There's no space for large radiators but if you're planning to use a closed-loop cooler, chances are you'd have a higher-end case anyway. The Silent Edition's fan controller can support three fans and is powered by a single SATA power lead from your power supply. Its wires are really long and unfortunately there's no way to tie or anchor them to the case interior. All other cables can be routed neatly, but these dangle.

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The fan controller has three positions but Corsair's preinstalled fans are pretty quiet even at full blast. Both have three-pin leads but you can still connect them directly to your motherboard (in which case the controller is left unused).

We built a full running system inside the Corsair Carbide 100R Silent Edition, which was the more interesting of the two variants. Interestingly, the bright white front panel LEDS proved more distracting than any noise. Our finished PC was blissfully quiet, though we do have to say that most components today are a lot less noisy than they used to be. Solid-state drives are entirely silent, hard drives don't sound like jet engines anymore, and even CPU fans and graphics cards are generally better behaved thanks to reduced power consumption and heat output.

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Even so, we appreciated the Silent Edition's padding. Temperatures stayed within control, and we eventually just left the fans set to full speed because there was no appreciable increase in noise and we didn't like the idea of forgetting to reach around the back each time we did anything that might cause temperatures to rise.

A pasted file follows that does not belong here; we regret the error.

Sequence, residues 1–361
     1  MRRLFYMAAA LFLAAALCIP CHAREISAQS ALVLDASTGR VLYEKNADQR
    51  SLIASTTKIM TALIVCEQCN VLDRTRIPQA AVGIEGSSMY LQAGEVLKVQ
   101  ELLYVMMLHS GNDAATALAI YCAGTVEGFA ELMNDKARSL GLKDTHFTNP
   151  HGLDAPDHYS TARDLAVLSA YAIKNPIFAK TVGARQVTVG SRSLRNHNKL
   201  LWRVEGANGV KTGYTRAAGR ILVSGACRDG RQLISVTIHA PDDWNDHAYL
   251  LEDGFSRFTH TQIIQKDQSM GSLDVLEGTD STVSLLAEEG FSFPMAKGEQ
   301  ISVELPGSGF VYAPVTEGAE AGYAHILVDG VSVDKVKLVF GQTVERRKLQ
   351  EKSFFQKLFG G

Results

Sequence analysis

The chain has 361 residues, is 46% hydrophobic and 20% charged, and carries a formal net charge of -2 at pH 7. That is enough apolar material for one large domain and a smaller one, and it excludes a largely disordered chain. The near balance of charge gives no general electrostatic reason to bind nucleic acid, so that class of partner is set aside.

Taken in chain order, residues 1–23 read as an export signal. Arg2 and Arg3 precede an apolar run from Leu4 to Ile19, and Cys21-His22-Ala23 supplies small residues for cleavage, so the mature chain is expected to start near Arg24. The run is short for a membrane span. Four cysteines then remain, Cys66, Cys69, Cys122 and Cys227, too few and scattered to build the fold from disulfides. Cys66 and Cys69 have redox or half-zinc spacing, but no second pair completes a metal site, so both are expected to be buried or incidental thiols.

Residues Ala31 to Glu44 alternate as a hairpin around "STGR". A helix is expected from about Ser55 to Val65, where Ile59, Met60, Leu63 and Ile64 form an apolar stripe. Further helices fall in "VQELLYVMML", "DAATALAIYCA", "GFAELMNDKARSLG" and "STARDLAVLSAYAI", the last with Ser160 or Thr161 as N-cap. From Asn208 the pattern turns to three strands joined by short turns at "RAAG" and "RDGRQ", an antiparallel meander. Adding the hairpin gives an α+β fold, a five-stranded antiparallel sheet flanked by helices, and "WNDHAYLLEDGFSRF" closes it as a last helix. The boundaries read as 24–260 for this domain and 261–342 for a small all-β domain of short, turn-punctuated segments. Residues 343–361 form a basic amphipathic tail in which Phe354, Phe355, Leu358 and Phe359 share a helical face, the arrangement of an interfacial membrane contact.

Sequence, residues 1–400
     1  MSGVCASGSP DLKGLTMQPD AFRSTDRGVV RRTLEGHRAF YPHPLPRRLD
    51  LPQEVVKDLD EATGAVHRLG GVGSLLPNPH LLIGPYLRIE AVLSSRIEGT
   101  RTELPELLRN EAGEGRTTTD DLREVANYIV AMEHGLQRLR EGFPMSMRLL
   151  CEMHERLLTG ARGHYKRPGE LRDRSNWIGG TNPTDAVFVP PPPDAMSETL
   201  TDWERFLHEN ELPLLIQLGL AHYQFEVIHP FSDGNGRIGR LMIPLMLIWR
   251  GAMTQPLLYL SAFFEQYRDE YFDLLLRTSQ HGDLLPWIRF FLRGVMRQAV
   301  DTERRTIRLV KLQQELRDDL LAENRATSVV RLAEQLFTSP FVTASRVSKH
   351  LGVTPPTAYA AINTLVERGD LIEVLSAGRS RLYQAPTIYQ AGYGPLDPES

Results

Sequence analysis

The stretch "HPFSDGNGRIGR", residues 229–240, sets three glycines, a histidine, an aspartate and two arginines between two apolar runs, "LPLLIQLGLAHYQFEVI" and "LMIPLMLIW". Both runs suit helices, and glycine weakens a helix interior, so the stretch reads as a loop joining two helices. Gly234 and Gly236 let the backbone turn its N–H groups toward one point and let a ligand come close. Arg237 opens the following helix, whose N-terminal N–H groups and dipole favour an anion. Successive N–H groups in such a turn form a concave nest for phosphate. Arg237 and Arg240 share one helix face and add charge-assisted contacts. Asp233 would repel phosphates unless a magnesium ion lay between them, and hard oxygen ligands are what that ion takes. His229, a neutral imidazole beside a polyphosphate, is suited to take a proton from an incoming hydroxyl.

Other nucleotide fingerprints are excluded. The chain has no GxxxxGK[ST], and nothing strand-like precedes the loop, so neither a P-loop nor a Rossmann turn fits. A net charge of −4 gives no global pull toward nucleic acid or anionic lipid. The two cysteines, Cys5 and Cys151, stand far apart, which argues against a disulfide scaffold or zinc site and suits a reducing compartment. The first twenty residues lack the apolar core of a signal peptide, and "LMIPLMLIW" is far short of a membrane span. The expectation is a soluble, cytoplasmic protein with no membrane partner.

Verdict
Corsair has delivered two very attractive cases for casual enthusiasts and DIYers, each geared towards a different need. Those who have no problems with noise will really love the vanilla Carbide 100R for its huge transparent side panel - something that has till now been available only on much more expensive models. On the other hand, those who want a quiet desktop for their bedrooms or any other such situation will love the Silent Edition.

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If dust is a problem where you live, you'd be better off with the Silent Edition which has fewer holes. Either way, it would be a good idea to clean the foam panels every so often because dust will build up.

These cases aren't suitable for those who swap components very often or need to have huge power supplies and coolers or lots of hard drives and SSDs. You'll need to spend a bit more for that kind of flexibility. However, for those with more ordinary needs who want to do better than bargain-basement cabinets, these two are well worth the money - and it certainly doesn't hurt that they look great too.

Price (MRP): Rs. 3,999 (Carbide 100R); Rs. 4,499 (Carbide 100R Silent Edition)

Pros

  • Choice between noise-reducing padding and side window
  • Minimalist good looks
  • Good construction quality
  • Excellent value for money

Cons

  • Slightly cramped
  • Limited space for cooling, drives, cable management

Ratings (Out of 5)

  • Design: 4.0
  • Value for Money: 5.0
  • Overall: 4.5
Comments

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Jamshed Avari has been working in tech journalism as a writer, editor and reviewer for over 13 years. He has reviewed hundreds of products ranging from smartphones and tablets to PC components and accessories, and has also written guides, feature articles, news and analyses. Going beyond simple ratings and specifications, he digs deep into how emerging products and services affect actual users, and what marks they leave on our cultural landscape. He's happiest when something new comes ...More